This view remains as my fundamental perspective, but my disposable time is limited. If I can save the time and spend in on some meaningful endeavors  [1] then it’s better to have a shorter job hunt.

[1] Q: what endeavors?
A: yoga
A: diet
A: stocks? takes very little effort
A: ?

strategic value of MOM]tech evolution

What’s the long-term value of MOM technology? “Value” to my career and to the /verticals/ I’m following such as finance and internet. JMS, Tibrv (and derivatives) are the two primary MOM technologies for my study.

  • Nowadays JMS (tibrv to a lesser extent) seldom features in job interviews and job specs, but the same can be said about servlet, xml, Apache, java app servers .. I think MOM is falling out of fashion but not a short-lived fad technology. MOM will remain relevant for decades. I saw this longevity deciding to invest my time.
  • Will socket technology follow the trend?
  • [r] Key obstacle to MOM adoption is perceived latency “penalty”. I feel this penalty is really tolerable in most cases.
  • — strengths
  • [r] compares favorably in terms of scalability, efficiency, reliability, platform-neutrality.
  • encourages modular design and sometimes decentralized architecture. Often leads to elegant simplification in my experience.
  • [r] flexible and versatile tool for the architect
  • [rx] There has been extensive lab research and industrial usage to iron out a host of theoretical and practical issues. What we have today in MOM is a well-tuned, time-honored, scalable, highly configurable, versatile, industrial strength solution
  • works in MSA
  • [rx] plays well with other tech
  • [rx] There are commercial and open-source implementations
  • [r] There are enterprise as well as tiny implementations
  • — specific features and capabilities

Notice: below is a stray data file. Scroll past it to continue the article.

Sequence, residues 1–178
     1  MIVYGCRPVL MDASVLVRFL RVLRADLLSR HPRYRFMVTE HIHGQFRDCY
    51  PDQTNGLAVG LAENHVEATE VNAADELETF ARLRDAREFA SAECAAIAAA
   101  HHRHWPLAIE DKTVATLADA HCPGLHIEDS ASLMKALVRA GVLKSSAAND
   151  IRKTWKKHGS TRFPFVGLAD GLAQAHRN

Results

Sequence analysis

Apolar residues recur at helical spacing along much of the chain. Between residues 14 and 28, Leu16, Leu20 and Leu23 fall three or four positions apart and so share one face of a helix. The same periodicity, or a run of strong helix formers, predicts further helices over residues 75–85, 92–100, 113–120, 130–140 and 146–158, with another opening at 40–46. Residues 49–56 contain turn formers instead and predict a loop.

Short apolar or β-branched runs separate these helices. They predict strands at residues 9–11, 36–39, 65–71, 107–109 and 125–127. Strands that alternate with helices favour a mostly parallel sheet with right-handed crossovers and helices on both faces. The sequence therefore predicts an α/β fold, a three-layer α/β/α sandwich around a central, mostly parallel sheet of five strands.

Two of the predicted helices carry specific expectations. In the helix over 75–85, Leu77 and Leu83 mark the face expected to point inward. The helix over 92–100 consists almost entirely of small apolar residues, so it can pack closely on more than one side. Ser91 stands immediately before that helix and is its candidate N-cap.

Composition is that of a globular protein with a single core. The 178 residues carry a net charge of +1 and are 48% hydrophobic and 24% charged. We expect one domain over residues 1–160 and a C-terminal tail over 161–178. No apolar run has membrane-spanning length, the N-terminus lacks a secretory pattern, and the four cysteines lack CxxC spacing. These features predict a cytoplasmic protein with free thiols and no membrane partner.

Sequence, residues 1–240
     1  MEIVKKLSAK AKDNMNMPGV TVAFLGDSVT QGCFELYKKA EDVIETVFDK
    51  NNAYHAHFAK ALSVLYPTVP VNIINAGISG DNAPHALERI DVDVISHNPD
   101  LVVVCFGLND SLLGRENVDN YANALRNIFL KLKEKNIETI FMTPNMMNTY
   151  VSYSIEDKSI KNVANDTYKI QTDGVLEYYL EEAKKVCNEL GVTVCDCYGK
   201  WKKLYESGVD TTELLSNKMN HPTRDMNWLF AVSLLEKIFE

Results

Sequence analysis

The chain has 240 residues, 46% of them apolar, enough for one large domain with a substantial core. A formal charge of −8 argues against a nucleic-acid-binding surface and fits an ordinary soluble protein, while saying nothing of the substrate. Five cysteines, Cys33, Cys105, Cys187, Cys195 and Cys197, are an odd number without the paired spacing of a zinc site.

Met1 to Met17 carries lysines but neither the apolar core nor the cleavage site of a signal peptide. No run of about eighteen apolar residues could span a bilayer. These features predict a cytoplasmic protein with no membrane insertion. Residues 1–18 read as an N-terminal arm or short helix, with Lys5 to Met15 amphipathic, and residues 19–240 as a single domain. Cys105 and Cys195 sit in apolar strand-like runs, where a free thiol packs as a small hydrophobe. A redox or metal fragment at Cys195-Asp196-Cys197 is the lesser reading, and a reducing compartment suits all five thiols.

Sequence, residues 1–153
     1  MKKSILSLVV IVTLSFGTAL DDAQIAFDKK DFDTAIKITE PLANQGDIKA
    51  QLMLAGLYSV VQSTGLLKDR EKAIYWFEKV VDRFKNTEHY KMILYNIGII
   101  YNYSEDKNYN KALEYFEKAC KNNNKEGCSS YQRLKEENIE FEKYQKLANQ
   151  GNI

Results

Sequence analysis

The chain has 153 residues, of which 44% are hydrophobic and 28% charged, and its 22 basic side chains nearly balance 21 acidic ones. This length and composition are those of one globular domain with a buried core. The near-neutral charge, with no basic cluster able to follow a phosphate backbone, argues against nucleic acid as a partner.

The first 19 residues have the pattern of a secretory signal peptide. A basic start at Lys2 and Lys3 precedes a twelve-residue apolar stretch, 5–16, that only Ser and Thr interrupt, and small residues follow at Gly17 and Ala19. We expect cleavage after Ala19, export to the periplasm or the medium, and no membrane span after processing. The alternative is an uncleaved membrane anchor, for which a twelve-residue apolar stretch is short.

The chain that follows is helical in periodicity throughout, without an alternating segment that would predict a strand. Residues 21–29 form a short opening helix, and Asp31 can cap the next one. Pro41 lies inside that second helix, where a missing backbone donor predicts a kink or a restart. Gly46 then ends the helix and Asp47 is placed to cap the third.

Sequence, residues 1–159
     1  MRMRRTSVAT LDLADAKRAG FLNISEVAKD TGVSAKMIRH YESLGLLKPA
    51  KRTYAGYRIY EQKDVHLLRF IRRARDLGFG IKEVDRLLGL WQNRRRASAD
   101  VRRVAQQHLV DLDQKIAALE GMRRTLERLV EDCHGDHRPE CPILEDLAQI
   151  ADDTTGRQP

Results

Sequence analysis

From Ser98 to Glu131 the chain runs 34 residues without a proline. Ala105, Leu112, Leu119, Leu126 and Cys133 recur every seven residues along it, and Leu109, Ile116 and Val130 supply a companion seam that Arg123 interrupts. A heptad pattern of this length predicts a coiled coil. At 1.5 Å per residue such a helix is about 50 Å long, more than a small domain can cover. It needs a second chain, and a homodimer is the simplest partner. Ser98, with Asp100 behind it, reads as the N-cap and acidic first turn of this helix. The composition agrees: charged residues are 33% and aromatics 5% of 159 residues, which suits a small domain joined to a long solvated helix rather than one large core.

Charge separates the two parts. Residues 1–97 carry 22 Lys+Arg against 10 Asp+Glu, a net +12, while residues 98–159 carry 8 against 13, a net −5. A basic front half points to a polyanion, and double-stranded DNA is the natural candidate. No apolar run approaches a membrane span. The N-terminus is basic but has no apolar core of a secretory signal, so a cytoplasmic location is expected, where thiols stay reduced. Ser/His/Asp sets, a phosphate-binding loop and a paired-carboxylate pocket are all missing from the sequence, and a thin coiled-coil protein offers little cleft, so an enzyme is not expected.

• [r] can aid business logic implementation using content filtering (doable in rvd+JMS broker) and routing
  • can implement point-to-point request/response paradigm
  • [r] transaction support
  • can distribute workload as in 95G
  • [r] can operate in-memory or backed by disk
  • can run from firmware
  • can use centralized hub/spoke or peer-to-peer (decentralized)
  • easy to monitor in real time. Tibrv is subject-based, so you can easily run a listener on the same topic
  • [x=comparable to xml]
  • [r=comparable to RDBMS]

[19] 2 reasons Y I held on to c++ NOT c#

In both cases, I faced steep /uphill/ in terms of GTD-traction, engagement, sustained focus, smaller-than-expected job market [1] .. but why I held on to c++ but abandoned c#?

[1] actually c# was easier than c++ in GTD-traction, entry barrier, opacity

Reason: GUI — 95% of the c# jobs I saw were GUI but GUI is not something I decided to take on. The server-side c# job market has remained extremely small.

Reason: in 2015 after Qz, I made the conscious decision to refocus on c++. I then gained some traction in GTD and IV, enough to get into RTS. By then, it was very natural for me to hold on to c++.

— minor reasons

Reason: west coast coding tests — python and c/c++ are popular